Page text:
7) To Agent or Not To Agent- That is the Question! Which is the way to go? Any advice on how a writer can stand out?

You need an agent, and most of them are so swamped with query letters that they give most of their attention to authors who have been referred to them or whom they have met at writers conferences. You have to be aggressive and understand what they want and why. Checking their websites is important for targeting the right agents. Send out 10 queries at a time, and if any are not answered, send them again.

8) Tell us a little about Jim O' Connor and what you write!

My first book was a media sensation:CUSS CONTROL, The Complete Book on How to Curb Your Cursing. My wife and I did all the publicity, and won three awards. I was on more than 100 TV shows (Oprah, The View, Today, CBS Sunday Morning, etc.) , in more than 400 newspapers and magazines, and interviewed on more than 600 radio stations. We have a public relations business, and now specialize in promoting authors, mostly of non-fiction ( ). I’m now writing an inspirational book on how people “unlucky in looks” found self-esteem, love and success in a culture that favors beauty. I blog on the topic, but this week I’m changing hosts and the name from to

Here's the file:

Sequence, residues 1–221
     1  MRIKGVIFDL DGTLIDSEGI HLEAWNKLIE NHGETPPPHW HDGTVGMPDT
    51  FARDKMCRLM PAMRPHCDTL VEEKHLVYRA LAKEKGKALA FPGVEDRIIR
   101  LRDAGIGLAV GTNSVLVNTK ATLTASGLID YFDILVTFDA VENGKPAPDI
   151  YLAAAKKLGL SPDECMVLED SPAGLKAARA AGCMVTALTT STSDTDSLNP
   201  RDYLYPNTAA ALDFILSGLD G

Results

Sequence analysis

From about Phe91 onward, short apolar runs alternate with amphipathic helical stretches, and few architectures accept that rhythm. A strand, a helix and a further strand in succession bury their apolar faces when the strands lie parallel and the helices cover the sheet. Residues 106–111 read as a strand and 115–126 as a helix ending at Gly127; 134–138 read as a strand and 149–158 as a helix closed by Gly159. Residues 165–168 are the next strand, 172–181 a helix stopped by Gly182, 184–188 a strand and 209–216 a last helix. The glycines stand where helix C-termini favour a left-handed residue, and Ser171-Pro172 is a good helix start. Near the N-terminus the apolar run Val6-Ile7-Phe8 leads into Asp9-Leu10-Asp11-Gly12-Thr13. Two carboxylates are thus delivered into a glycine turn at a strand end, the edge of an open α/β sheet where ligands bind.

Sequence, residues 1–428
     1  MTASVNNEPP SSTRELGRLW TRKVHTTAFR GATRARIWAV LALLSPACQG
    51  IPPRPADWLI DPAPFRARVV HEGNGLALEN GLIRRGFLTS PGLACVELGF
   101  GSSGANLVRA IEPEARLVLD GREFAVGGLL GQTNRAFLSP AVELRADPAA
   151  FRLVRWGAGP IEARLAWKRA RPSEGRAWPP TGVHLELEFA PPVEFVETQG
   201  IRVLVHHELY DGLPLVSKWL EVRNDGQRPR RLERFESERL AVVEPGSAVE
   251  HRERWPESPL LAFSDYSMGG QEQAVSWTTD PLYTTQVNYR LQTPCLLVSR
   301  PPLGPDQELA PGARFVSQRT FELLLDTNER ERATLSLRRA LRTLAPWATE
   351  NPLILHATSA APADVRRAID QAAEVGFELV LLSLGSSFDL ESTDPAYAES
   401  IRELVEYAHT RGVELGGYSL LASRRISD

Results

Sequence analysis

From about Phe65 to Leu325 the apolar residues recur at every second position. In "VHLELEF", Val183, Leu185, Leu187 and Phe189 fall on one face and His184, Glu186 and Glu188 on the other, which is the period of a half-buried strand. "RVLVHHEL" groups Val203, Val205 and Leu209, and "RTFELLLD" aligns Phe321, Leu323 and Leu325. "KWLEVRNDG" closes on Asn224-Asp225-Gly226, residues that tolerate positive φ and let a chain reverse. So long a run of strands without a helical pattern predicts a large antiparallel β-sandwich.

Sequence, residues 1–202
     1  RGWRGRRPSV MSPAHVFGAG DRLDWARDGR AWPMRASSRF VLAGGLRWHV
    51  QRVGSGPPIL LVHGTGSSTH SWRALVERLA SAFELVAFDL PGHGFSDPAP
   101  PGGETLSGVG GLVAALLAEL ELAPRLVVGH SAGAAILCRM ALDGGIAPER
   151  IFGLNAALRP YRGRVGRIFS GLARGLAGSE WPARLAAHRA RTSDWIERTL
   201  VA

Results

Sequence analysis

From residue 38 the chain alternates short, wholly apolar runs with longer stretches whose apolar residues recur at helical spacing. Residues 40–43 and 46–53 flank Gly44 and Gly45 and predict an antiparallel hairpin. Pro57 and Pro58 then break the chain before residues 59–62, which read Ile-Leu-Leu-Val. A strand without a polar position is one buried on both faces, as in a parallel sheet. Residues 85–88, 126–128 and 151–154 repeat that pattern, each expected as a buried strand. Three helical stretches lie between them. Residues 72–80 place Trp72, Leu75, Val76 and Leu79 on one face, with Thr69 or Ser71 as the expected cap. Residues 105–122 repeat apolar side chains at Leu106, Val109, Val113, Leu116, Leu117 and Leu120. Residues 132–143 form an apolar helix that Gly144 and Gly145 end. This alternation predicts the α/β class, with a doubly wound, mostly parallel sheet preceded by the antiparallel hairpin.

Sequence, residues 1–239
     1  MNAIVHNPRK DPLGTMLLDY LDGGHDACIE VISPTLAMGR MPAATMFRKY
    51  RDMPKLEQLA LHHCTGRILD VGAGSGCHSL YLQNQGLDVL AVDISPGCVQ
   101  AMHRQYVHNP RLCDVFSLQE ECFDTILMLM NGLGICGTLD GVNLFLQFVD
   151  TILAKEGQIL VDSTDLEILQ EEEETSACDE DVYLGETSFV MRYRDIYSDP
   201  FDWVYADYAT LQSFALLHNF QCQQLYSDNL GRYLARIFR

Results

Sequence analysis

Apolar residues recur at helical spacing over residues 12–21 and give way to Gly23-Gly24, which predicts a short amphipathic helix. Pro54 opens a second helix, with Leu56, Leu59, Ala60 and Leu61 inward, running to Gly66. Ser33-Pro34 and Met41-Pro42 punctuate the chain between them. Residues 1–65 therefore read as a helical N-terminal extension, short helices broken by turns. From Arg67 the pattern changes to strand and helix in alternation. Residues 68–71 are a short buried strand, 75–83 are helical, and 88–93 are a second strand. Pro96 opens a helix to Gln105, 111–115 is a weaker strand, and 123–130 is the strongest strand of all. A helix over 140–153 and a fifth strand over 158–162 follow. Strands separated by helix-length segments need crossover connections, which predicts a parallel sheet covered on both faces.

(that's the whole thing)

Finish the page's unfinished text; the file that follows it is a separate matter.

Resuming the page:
I love my novel—all the characters and their relationships—which took two years to write. It’s really a mystery-romance with just the right amount of humor. There are two plots—a romance and a search for riches hidden in a Victorian mansion—that come together in a clever way. The key characters all go through transformations, and there is a surprise ending to both plots. It was enormous fun to write it. I set the scene for both plots in a very short first chapter, which follows:

Chapter 1


The word kept popping into Ted McCormick’s head as he drove down Pine Street, watching for a green Queen Anne house with black shutters. His wife was right. He’s been floundering since they moved to Albany almost two years ago. Mary remained supportive and understanding, but that morning she told him she was getting impatient. His crisis in Chicago was now history, she reminded him, and he was capable of so much more. It was time he expanded his one-man business or found a job. He agreed, but didn’t admit that he wasn’t ready.

Something else was troubling him at the moment, and it wasn’t the potential project at the Queen Anne house. At noon he was due at Janet Blake’s house. Today was the third consecutive Wednesday he would be working for her. Most of his customers were women—friendly and appreciative women—but he always kept his distance, maintaining a businesslike relationship. Until he met Janet. Her lively personality and girlish spirit were whittling away his sense of propriety. He was eager to see her, and that bothered him.